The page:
Source: Rabaul Volcano Observatory (RVO)


13 August-19 August 2003

During 25 June to 14 August, volcanic and seismic activity remained at low levels at Pago. Small amounts of "fume" were released from the lower vents, with only trace amounts of SO2emissions in early August. A local tectonic earthquake on 9 August led to an increase in energy release and number of earthquakes recorded at one seismic station.

Source: Rabaul Volcano Observatory (RVO)


28 May-3 June 2003

An aerial inspection of Pago's summit area on 22 May revealed that lava effusion from the northwestern-most vent had ceased following the last aerial inspection in February 2003. Also, there were no indications of fresh lava near the vents. This observation was confirmed by the lack of further movement of the northerly and southerly lobes of lava. Furthermore, there was no change in the height of the lava body against the caldera wall. Scientists also saw that a new fumarole area had formed between Mt. Pago and the Pyramid to the east. Significant inflation had been measured since December 2002, but it may be related to roadwork in the area causing benchmarks to move.

Source: Rabaul Volcano Observatory (RVO)


5 March-11 March 2003

An aerial inspection of Pago's Witori caldera on 28 February revealed that lava continued to flow from the northwestern-most vent as it had in January. Lateral flow of the N lava lobe had slowed since it was last observed, but there was thickening of the lava deposit along the entire body of the flow. The S lava lobe progressed farther S, but at a very slow rate. All lava was contained inside the floor of Witori caldera. Scientists found that vegetation had died on the S side of the volcano due to volcanic gases blowing to the S, rather than from increased volcanic heat. Vapor continued to be emitted from all vents along the fissure system, and in smaller amounts from the main summit crater. Seismicity continued at low levels, with a decline in the number of earthquakes during the previous 2 weeks. Seismic and GPS data from the remote field site were no longer available as of 27 February due to the theft of four solar panels.

Source: Rabaul Volcano Observatory (RVO) via the Darwin Volcanic Ash Advisory Center


31 December-6 January 2003

As of 2 January lava continued to flow from Pago's northwestern-most vent. In addition, variable amounts of white vapor were released from most vents along the fissure system. Weak incandescence was visible on the night of 28 December. Seismicity continued at low levels as it has since early October 2002 when the seismic network was installed. No significant ground deformation had been recorded in a month, in contrast to the period between the start of the eruption (early August) and early November when complex and significant movement was recorded.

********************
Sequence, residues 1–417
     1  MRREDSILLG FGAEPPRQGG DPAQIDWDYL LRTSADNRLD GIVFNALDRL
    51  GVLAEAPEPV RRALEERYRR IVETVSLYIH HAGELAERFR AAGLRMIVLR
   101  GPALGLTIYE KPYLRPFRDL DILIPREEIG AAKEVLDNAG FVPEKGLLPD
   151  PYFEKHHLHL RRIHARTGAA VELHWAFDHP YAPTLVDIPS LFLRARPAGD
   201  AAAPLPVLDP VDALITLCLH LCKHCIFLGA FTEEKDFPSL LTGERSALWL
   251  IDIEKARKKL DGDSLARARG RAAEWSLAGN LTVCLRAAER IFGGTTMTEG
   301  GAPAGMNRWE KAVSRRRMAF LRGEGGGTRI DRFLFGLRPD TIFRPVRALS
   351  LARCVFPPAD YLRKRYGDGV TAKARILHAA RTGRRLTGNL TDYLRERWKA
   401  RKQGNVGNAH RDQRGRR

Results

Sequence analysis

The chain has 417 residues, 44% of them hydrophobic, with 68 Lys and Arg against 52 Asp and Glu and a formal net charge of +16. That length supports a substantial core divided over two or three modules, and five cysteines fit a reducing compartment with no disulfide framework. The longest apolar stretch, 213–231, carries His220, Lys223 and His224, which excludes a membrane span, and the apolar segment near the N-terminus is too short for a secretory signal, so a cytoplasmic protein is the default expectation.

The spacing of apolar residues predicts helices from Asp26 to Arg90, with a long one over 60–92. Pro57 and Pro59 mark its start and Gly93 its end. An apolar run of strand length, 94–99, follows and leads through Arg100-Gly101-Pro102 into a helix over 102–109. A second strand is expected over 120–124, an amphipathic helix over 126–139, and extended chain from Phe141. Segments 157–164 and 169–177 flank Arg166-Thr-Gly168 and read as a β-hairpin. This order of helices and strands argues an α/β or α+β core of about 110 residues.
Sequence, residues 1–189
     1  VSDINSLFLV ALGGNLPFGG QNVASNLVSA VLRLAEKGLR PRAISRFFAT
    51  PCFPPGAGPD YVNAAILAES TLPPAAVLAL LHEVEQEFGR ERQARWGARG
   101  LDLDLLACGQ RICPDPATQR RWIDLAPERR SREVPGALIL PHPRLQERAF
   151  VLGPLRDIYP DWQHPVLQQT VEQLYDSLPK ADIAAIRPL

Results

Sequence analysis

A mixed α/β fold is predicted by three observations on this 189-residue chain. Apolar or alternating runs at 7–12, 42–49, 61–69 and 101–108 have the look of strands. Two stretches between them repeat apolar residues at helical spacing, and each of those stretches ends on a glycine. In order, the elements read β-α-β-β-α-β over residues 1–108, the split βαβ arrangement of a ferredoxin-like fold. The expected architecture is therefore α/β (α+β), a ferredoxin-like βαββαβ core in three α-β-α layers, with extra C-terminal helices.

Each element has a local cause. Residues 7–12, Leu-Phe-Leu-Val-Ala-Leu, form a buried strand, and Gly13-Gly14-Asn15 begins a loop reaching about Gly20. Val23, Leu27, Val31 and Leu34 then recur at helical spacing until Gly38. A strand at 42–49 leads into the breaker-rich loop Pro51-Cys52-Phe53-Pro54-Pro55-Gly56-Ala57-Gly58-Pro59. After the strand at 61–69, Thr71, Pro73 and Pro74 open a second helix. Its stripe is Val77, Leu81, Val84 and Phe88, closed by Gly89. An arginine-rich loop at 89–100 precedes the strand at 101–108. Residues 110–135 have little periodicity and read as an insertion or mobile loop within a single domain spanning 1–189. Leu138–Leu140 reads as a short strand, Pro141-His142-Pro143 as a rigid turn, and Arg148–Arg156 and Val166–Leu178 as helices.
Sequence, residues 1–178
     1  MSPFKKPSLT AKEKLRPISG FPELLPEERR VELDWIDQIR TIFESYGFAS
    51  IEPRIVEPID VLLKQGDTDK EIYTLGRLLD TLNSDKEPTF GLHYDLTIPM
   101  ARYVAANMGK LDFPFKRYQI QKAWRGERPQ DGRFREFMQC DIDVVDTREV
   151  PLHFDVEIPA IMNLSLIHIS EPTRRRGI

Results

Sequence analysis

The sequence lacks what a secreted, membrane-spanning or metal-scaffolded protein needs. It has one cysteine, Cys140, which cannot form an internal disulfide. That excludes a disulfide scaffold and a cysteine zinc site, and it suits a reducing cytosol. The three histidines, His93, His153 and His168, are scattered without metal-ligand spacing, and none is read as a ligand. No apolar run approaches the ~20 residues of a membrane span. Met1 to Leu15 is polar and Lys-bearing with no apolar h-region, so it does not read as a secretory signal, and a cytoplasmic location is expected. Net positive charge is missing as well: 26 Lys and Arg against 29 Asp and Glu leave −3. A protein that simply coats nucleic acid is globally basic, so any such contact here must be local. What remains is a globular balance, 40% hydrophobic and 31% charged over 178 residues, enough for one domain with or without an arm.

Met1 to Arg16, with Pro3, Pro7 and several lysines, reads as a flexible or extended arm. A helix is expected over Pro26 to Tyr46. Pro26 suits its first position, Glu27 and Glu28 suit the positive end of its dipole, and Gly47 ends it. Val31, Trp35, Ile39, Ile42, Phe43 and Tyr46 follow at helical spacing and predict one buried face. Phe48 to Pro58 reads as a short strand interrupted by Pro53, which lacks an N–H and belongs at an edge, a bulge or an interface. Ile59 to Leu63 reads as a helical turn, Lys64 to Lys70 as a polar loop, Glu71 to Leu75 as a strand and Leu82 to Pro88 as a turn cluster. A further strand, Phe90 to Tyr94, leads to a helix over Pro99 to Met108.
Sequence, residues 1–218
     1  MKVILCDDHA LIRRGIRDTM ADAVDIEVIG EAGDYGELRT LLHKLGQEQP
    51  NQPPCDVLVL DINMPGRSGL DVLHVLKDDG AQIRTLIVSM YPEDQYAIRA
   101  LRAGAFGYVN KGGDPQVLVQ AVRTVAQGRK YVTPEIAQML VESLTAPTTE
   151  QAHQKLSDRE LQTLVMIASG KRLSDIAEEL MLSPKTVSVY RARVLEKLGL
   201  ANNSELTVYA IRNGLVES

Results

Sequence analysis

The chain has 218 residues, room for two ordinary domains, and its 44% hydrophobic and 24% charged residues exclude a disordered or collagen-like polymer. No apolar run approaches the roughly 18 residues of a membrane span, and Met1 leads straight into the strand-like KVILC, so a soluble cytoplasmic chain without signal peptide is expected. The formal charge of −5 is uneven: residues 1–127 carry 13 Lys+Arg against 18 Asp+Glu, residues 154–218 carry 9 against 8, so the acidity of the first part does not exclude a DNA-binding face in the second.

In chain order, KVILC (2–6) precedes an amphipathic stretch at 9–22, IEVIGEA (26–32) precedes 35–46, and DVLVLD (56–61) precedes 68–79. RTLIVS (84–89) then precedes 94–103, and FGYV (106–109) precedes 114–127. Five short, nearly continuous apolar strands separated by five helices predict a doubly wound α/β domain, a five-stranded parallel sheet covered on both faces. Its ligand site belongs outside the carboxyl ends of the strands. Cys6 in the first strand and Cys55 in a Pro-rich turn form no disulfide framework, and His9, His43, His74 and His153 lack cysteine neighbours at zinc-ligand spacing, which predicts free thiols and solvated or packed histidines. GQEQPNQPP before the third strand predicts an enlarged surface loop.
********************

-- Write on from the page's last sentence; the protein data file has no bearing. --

Source: Rabaul Volcano Observatory (RVO) via the Darwin Volcanic Ash Advisory Center


4 December-10 December 2002

An aerial inspection of Pago on 10 December confirmed that lava continued to slowly flow from the volcano. The lava flow remained confined by the walls of Witori caldera. Variable amounts of steam was emitted from vents. Blue vapor, which was inferred to be juvenile volcanic gas, was emitted from the northwestern-most vent. Seismicity continued to be at background levels, and consisted of small volcano-tectonic earthquakes.

Source: Rabaul Volcano Observatory (RVO) via the Darwin Volcanic Ash Advisory Center


27 November-3 December 2002

RVO reported that Pago continued to erupt through 2 December. Slow lava effusion from the northwestern-most vent continued, with the lava flow still contained within the Witori Caldera floor. Variable amounts of white vapor continued to be released from the vents. The northwestern-most vent released bluish vapor, indicating and/or confirming continuing lava effusion. Seismicity, consisting of small volcanotectonic earthquakes, remained at normal background levels. RVO stated that results from data analysis did not indicate a major increase in eruptive activity.

Source: Rabaul Volcano Observatory (RVO) via the Darwin Volcanic Ash Advisory Center


13 November-19 November 2002

Volcanic activity continued at Pago and residents in relatively low-risk areas near the volcano were told it was safe to return to their homes according to a news article. The eruption of Pago began in August, leading to the evacuation of 12,000-15,000 residents.

Source: Asia Pacific


30 October-5 November 2002

On 3 November at 0620 a pilot saw a low-level ash plume rise above Pago. A narrow plume was visible on satellite imagery.

Source: Darwin Volcanic Ash Advisory Centre (VAAC)


9 October-15 October 2002

Volcanic activity continued at Pago during 9-15 October. According to a news article, scientists found that inflation continued at the volcano, with ~1 cm of uplift occurring in a month. By 10 October, approximately 15,000 residents near the volcano had been evacuated since volcanic activity commenced in August.

Sources: ABC News - Australian Broadcasting Corporation; Associated Press


25 September-1 October 2002

As of 30 September seismicity remained at low levels at Pago and lava continued to flow from the northeastern-most vent of the fissure system. A significant lava field had developed, with all lava flows contained within the caldera. Incandescence was visible at the lava-flow front.

Sources: The National; US Geological Survey


4 September-10 September 2002

According to a news article, an explosive event occurred at Pago during 7-8 September. The Darwin VAAC reported that on 7 September at 0656 a low-level (~1.5 km a.s.l.) ash-and-steam plume was visible on satellite imagery drifting NW.